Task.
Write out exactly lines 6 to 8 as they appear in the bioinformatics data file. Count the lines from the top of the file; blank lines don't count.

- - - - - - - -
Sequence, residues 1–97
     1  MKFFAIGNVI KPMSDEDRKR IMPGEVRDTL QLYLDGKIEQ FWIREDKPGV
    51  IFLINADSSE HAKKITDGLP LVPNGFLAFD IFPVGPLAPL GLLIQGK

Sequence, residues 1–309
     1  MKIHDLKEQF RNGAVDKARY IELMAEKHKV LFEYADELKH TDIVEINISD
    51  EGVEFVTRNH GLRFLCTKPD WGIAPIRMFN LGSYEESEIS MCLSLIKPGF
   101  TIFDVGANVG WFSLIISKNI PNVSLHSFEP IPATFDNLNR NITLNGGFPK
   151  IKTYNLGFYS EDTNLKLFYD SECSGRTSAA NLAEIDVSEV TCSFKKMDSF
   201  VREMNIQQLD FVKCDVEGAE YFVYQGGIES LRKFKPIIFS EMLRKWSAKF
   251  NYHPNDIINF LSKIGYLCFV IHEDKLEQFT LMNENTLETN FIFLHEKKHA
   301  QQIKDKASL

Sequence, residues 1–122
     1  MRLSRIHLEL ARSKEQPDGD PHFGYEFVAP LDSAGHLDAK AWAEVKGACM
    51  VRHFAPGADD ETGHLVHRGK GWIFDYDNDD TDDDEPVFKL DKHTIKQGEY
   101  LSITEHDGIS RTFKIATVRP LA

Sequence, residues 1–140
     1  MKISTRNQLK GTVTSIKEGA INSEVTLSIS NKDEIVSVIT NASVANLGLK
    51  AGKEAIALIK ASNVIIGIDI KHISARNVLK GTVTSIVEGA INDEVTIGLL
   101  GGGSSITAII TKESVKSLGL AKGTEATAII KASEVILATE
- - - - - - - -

    51  EGVEFVTRNH GLRFLCTKPD WGIAPIRMFN LGSYEESEIS MCLSLIKPGF
   101  TIFDVGANVG WFSLIISKNI PNVSLHSFEP IPATFDNLNR NITLNGGFPK
   151  IKTYNLGFYS EDTNLKLFYD SECSGRTSAA NLAEIDVSEV TCSFKKMDSF